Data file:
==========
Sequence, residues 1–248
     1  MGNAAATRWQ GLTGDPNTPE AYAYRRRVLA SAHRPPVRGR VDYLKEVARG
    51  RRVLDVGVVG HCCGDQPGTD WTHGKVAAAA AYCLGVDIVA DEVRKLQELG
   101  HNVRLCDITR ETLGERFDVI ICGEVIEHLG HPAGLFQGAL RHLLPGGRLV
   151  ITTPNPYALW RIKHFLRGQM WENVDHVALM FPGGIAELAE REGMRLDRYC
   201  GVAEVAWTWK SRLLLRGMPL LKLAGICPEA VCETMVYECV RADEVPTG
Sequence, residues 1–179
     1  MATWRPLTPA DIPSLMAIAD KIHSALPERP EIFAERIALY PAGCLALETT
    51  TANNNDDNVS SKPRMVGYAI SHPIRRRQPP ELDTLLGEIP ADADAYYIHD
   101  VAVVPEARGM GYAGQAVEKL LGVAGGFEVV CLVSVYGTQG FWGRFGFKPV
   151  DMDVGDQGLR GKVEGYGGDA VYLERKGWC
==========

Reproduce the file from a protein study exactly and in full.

Sequence, residues 1–248
     1  MGNAAATRWQ GLTGDPNTPE AYAYRRRVLA SAHRPPVRGR VDYLKEVARG
    51  RRVLDVGVVG HCCGDQPGTD WTHGKVAAAA AYCLGVDIVA DEVRKLQELG
   101  HNVRLCDITR ETLGERFDVI ICGEVIEHLG HPAGLFQGAL RHLLPGGRLV
   151  ITTPNPYALW RIKHFLRGQM WENVDHVALM FPGGIAELAE REGMRLDRYC
   201  GVAEVAWTWK SRLLLRGMPL LKLAGICPEA VCETMVYECV RADEVPTG
Sequence, residues 1–179
     1  MATWRPLTPA DIPSLMAIAD KIHSALPERP EIFAERIALY PAGCLALETT
    51  TANNNDDNVS SKPRMVGYAI SHPIRRRQPP ELDTLLGEIP ADADAYYIHD
   101  VAVVPEARGM GYAGQAVEKL LGVAGGFEVV CLVSVYGTQG FWGRFGFKPV
   151  DMDVGDQGLR GKVEGYGGDA VYLERKGWC